Monday, November 22, 2010

Playing The Edge

This chapter, "Playing The Edge", has for a while been my favorite chapter of Erich Shiffmann's book about yoga, Moving Into Stillness. I admit that i waffle back and forth to other chapters every now and then, but this chapter is about so much more than just stretching our physical bodies that it's impossible to miss it's lessons for how we should live our lives.

To show you what i mean, it starts with these words:

A large part of the art and skill in yoga lies in sensing just how far to move into a stretch. If you don't go far enough, there is no challenge to the muscles, no intensity, no stretch, and little possibility for opening. Going too far, however, is an obvious violation of the body, increasing the possibility of both physical pain and injury. Somewhere between these two points is a degree of stretch that is in balance: intensity without pain, use without abuse, strenuousness without strain. You can experience this balance in every posture you do.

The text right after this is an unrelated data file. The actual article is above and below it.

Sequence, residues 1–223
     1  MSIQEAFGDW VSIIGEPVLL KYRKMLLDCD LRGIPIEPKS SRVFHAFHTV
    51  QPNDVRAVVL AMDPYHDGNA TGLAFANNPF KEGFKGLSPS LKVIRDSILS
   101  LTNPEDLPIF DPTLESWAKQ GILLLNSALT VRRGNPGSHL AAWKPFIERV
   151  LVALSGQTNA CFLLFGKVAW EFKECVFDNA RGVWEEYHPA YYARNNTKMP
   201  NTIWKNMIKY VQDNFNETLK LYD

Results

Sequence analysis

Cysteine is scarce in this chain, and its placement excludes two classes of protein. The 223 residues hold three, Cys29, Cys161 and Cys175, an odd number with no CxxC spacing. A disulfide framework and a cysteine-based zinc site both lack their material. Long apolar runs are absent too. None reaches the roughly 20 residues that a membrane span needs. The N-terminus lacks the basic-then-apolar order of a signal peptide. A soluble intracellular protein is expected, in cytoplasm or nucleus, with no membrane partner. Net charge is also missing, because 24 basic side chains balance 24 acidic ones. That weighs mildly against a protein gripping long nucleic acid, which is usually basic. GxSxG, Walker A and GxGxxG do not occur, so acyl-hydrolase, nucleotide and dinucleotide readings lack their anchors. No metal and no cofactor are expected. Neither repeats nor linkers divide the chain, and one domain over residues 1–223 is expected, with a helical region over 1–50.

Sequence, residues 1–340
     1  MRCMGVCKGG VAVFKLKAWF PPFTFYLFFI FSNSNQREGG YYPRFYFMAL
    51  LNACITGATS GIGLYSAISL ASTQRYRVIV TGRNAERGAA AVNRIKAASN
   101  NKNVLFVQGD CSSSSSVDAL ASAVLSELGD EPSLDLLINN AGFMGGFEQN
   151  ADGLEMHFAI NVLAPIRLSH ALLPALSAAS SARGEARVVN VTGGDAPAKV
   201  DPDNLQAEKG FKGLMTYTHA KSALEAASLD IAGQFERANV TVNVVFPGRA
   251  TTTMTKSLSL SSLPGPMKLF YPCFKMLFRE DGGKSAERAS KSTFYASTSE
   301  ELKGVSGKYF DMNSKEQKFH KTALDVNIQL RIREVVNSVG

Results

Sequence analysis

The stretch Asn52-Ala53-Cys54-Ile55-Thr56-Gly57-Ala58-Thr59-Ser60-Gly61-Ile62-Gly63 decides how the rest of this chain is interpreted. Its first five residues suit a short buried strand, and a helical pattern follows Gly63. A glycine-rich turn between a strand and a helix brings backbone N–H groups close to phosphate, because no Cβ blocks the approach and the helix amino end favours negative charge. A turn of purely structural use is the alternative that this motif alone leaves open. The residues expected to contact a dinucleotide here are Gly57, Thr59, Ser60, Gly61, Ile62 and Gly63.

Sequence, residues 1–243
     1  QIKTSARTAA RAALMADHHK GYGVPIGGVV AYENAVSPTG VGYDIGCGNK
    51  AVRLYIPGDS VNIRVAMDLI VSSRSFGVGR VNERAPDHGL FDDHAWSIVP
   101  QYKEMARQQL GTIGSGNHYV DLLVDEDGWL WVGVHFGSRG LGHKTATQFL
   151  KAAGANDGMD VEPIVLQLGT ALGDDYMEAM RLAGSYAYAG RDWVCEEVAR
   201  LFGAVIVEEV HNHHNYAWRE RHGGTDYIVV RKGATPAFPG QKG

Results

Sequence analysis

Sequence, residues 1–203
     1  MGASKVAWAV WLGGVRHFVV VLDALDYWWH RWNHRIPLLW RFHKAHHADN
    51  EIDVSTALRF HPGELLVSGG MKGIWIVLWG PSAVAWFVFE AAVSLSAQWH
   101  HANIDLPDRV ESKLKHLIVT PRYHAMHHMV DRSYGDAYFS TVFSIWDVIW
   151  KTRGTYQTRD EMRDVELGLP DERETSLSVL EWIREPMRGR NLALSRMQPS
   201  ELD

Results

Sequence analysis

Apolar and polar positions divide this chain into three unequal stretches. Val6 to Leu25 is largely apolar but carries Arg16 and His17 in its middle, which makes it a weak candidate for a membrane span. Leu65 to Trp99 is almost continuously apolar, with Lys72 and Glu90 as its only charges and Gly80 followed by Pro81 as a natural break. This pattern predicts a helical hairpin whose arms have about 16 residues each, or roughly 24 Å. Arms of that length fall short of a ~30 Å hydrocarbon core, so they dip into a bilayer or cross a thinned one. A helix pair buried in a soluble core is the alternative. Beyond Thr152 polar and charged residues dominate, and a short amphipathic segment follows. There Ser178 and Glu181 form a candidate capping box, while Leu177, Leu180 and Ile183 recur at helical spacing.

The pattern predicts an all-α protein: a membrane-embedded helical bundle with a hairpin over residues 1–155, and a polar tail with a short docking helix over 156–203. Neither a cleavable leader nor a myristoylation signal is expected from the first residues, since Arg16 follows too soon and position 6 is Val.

This place in the stretch is called your "edge."

We have edges in the way we think, in the way we interact with other people, in how far we willingly go to interact with strangers, people outside our normal circle of acquaintances, how much we are willing to speak in public, how often we are willing to try new foods, or listen to new music, or view new types of art, how much we are willing to open ourselves to others, how deeply we will let others into our hearts, or our minds. We have edges for how far we will push our bodies and with what physical exercises, edges on how long we will sit still in meditation, edges for how much we will push ourselves intellectually to learn new subjects, even if unnecessarily, to learn to play/sing music, even if no one will ever hear it.

We have edges around every single aspect of our lives. As Erich points out in this chapter, how successful we are at any endeavor depends in large part on how we play those edges. And the same applies to Life, with a capital "L." To fully live it we need to see, understand, and play with our edges. Slowly but steadily finding where the stretch begins, and working past it one breath at a time, allowing our lives to expand into what it can become.

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